Juncos are a very common bird, but they also represent one of the great ornithological puzzles. Depending on who you talk to, there are between three and twelve species. The number of species depends on whether you think the confusing color patterns represent color and song variations on one species or separate species. As Birds of North America puts it,
The phylogenetic relationships of all junco taxa clearly involve more complex questions than can be answered by presently available evidence.
That’s something of an understatement. A few photos may illustrate the challenges.
Dark-eyed Junco, “Slate-colored” variety, Fairbanks, Alaska
If you live in Alaska, this is the Junco you see most often. The whole back and chest is dark gray, with a sharply defined white belly. Dark-eyed and pale, pinkish-billed, it shows white outer tail feathers in flight.
Dark-eyed Junco, “Oregon” variety, Boise, Idaho
But this is a Dark-eyed Junco, too…
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One of our most iconic wader species has a near-threatened status with a 48% decline of breeding birds since 1995 in the United Kingdom (UK), there is also a decreasing trend of wintering birds in estuaries over the last 15 years https://wadertales.wordpress.com/. On the Humber Estuary the population is stable with a five-year average of 2,806 birds (Wetland Bird Survey (WeBS)) which makes the Humber Estuary one of the top seven sites for wintering Curlew in the UK. Morecambe Bay, with 11,193 Curlew, is the largest wintering site in the UK (BTO WeBS online).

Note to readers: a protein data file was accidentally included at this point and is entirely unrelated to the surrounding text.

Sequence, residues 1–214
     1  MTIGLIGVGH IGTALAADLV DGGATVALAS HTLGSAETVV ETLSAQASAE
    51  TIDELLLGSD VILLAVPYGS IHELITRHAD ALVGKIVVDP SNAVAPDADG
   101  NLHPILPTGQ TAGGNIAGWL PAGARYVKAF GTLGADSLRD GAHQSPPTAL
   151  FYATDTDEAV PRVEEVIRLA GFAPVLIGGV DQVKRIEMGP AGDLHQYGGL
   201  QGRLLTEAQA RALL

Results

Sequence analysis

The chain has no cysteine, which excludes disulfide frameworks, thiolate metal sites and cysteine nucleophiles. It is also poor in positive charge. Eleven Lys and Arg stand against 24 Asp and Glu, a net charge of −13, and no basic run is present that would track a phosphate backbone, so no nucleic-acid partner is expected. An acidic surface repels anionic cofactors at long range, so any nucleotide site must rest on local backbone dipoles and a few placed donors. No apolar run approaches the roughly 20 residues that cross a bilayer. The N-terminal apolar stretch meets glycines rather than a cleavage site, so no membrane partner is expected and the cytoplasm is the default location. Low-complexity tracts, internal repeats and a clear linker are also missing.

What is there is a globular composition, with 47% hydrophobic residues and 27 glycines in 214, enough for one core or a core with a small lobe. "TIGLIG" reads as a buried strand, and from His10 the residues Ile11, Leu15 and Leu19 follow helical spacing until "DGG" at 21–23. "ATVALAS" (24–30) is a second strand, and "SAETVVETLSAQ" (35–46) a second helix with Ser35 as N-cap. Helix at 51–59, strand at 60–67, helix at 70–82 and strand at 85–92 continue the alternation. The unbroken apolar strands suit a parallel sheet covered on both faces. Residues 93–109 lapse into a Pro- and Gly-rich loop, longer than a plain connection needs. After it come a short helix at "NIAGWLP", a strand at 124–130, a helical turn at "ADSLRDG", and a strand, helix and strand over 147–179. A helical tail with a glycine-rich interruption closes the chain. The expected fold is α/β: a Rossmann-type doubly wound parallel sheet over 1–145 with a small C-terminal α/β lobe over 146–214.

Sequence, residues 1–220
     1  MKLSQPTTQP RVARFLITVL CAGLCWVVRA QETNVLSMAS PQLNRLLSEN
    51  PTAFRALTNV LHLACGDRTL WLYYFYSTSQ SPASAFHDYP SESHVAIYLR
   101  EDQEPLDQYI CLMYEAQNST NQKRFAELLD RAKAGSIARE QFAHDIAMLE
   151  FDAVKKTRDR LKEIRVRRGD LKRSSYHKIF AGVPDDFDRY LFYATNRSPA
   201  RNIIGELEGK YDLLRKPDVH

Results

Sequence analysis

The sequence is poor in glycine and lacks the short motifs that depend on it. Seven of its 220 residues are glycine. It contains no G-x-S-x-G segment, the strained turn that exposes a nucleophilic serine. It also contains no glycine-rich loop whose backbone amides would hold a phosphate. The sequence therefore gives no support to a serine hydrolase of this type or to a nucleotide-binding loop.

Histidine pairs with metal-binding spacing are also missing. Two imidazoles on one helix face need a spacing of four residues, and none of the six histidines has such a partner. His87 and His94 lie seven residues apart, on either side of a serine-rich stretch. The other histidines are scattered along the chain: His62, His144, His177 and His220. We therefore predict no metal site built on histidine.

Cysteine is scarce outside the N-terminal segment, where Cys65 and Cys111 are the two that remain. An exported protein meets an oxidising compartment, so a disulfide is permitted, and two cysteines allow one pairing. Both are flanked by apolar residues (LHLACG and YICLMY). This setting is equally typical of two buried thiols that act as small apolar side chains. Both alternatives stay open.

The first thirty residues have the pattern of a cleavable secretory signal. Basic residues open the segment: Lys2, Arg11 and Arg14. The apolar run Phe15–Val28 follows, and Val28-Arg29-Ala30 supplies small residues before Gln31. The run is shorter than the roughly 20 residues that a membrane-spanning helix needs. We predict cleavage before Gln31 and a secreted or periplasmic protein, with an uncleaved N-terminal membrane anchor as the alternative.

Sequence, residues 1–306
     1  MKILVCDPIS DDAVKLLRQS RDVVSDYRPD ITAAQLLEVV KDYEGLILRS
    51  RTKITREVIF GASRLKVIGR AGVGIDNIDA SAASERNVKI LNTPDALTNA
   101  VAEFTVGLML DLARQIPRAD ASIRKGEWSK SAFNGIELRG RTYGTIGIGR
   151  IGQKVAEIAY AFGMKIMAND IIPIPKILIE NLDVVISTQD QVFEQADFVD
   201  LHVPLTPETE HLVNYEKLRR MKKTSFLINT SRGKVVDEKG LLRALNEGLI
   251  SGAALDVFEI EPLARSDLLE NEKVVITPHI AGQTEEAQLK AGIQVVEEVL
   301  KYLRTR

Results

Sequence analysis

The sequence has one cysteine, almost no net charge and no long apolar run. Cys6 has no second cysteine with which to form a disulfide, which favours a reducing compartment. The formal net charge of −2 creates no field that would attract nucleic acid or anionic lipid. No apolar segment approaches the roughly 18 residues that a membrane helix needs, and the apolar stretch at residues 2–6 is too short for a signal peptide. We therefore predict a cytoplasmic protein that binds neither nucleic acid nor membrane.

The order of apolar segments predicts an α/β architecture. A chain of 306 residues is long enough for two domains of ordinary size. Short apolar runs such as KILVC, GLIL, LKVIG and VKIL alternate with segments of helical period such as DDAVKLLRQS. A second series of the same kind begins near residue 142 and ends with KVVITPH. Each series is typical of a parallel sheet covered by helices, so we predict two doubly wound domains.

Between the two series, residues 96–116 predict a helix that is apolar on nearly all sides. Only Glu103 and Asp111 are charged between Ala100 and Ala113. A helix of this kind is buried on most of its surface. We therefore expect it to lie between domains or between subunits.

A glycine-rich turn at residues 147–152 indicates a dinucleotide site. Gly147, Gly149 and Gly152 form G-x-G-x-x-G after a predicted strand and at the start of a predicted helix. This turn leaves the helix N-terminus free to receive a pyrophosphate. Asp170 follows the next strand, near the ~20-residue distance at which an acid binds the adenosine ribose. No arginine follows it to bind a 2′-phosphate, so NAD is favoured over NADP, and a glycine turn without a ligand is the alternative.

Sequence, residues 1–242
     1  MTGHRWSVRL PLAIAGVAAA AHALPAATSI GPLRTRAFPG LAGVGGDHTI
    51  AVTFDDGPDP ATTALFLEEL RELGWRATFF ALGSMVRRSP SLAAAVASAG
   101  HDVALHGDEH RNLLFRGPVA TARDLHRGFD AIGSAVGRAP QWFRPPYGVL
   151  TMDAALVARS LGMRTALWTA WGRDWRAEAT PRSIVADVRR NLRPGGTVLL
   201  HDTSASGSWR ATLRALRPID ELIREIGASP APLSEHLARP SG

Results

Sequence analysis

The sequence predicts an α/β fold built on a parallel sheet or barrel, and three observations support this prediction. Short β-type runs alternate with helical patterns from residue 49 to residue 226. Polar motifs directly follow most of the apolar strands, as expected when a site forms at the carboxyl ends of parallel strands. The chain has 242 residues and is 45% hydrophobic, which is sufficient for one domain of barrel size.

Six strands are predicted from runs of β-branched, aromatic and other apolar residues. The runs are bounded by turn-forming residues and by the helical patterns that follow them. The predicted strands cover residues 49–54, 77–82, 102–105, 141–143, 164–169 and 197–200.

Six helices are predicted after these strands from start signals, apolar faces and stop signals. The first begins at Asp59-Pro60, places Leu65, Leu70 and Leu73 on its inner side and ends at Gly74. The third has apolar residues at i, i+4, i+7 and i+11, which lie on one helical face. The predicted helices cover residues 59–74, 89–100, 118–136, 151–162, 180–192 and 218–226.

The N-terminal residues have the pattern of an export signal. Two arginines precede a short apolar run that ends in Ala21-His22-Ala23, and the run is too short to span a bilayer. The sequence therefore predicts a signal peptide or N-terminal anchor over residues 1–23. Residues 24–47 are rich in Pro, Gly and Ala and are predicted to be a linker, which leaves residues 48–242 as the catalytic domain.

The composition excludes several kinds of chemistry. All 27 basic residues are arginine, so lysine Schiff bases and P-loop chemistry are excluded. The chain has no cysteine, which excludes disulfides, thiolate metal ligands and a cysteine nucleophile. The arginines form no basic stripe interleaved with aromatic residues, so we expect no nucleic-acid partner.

Extensive Curlew research work is led by the British Trust for Ornithology (BTO) across the country to understand the cause of the decline. The research work, undertaken on both breeding and non-breeding grounds, combines a range of desk-based and fieldwork studies. The species’ home range and habitat selection (using GPS tracking data) is one of…
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